Yangtze River Flood (1931)

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These six natural disasters destroyed cities and wiped out communities around the world

These six natural disasters destroyed cities and wiped out communities around the world. By hurricane, typhoon, flood, or earthquake, these events have collectively taken millions of human lives.

  • Yangtze River Flood (1931)

Major flood events along the Yangtze River (Chang Jiang) in central and eastern China have occurred from ancient times to the present, causing considerable destruction of property and many casualties, but the major flood of 1931 stands out. It covered tens of thousands of square miles, flooding rice fields and various cities, including Nanjing and Wuhan. The flood affected more than 50 million people. Government organizations, including the National Oceanic and Atmospheric Administration, estimated the death toll to have been about 3.7 million people.

  • Haitian Earthquake (2010)

Haiti earthquake of 2010Joe Raedle/Getty Images
On January 12, 2010, an earthquake hit Haiti about 15 miles (24 kilometers) southwest of the capital city, Port-au-Prince. The earthquake registered a magnitude of 7.0 on the Richter scale and was followed by aftershocks that registered magnitudes of 5.9 and 5.5. Another aftershock of magnitude 5.9 struck on January 20. The earthquake was generated by contractional deformation along the Léogâne fault, a small hidden thrust fault discovered underneath the city of Léogâne. There has been debate about the total number of deaths caused by this earthquake, but estimates suggest that about 200,000–300,000 people died. Hundreds of thousands more were displaced.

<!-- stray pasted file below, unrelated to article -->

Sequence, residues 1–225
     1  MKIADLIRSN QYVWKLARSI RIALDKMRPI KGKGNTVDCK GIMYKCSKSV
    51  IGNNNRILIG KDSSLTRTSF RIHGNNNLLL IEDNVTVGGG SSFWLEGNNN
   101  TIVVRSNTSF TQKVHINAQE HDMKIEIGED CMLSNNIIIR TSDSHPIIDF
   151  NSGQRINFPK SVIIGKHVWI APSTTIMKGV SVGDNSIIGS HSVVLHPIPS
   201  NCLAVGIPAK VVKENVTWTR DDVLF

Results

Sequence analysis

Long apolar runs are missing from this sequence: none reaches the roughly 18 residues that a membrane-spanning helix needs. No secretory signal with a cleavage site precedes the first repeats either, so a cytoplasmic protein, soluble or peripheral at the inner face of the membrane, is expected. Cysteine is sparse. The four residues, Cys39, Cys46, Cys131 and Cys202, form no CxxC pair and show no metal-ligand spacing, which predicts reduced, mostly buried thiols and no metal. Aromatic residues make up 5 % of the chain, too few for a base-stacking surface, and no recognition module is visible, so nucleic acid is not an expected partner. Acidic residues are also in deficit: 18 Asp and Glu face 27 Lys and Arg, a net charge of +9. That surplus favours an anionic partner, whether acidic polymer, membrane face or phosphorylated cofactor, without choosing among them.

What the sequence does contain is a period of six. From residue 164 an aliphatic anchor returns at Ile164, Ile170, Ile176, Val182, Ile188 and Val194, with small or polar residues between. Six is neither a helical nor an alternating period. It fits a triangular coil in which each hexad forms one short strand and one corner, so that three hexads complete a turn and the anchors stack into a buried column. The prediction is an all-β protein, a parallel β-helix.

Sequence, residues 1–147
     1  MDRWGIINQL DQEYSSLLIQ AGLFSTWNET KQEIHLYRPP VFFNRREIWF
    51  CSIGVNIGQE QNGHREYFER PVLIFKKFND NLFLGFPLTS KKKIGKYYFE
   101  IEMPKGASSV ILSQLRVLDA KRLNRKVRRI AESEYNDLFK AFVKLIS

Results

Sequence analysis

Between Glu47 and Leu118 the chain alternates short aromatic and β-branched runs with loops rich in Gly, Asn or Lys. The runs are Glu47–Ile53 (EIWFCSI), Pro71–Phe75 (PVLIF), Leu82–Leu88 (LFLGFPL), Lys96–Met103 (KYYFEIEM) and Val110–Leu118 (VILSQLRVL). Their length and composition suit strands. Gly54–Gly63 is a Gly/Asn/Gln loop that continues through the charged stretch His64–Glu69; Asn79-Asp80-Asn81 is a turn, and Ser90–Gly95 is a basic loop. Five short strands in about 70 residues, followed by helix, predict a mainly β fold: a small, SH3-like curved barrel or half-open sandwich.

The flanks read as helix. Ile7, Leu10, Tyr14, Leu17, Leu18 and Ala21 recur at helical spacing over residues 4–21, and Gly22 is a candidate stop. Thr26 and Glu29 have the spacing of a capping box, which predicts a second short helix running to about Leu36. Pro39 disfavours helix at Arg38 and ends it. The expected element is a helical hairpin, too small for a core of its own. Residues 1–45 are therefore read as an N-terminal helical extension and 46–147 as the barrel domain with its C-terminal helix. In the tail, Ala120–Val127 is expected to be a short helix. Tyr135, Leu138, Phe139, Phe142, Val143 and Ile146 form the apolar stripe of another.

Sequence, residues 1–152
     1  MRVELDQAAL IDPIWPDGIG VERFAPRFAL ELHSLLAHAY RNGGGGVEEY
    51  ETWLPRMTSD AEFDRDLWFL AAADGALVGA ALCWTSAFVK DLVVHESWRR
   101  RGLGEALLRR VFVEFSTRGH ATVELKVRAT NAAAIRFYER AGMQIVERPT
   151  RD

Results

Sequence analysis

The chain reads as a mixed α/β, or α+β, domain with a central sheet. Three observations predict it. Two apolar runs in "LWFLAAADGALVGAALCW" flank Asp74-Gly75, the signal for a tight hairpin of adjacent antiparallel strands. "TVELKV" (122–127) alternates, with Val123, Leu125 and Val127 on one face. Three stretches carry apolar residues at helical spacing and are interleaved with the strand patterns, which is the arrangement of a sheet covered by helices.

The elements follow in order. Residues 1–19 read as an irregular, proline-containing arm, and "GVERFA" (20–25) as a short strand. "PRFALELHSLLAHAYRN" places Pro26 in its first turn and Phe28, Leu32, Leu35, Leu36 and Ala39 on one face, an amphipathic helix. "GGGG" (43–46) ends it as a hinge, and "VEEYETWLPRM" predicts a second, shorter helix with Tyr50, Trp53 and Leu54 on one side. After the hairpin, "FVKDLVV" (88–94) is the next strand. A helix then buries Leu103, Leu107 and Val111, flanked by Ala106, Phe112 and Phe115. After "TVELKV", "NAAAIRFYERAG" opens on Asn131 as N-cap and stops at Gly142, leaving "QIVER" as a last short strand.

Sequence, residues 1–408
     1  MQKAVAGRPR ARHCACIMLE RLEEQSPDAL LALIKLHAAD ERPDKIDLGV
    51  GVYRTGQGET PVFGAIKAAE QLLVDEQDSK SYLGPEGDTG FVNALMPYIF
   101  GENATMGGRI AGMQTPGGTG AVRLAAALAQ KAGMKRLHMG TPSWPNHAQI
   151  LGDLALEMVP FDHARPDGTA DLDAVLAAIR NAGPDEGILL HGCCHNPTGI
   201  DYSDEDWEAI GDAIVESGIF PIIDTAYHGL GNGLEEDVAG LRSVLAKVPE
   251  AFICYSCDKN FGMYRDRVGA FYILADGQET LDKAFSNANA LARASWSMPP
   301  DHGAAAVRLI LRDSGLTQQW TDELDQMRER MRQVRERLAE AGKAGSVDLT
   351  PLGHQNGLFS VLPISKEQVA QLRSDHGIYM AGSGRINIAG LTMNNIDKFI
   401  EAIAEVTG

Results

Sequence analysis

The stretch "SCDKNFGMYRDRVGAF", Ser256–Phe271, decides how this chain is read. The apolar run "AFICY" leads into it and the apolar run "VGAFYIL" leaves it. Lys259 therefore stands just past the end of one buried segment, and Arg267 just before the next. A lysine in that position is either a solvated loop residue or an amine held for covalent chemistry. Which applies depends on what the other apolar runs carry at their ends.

• Typhoon Nina–Banqiao Dam Failure (1975)

Typhoon Nina struck western Henan province of China in August 1975. The typhoon caused a catastrophic dam failure, and the ensuing floods caused more than 150,000 casualties. The Banqiao Dam had been built in the early 1950s in an effort to control the Huang He (Yellow River), but Typhoon Nina produced floods twice as intense as the flood levels the dam was able to withstand. According to death toll reports, at least 26,000 people died in the floods. An estimated 145,000 people died from epidemics caused by water contamination and famine. The number of people affected by the disaster exceeded 10,000,000.
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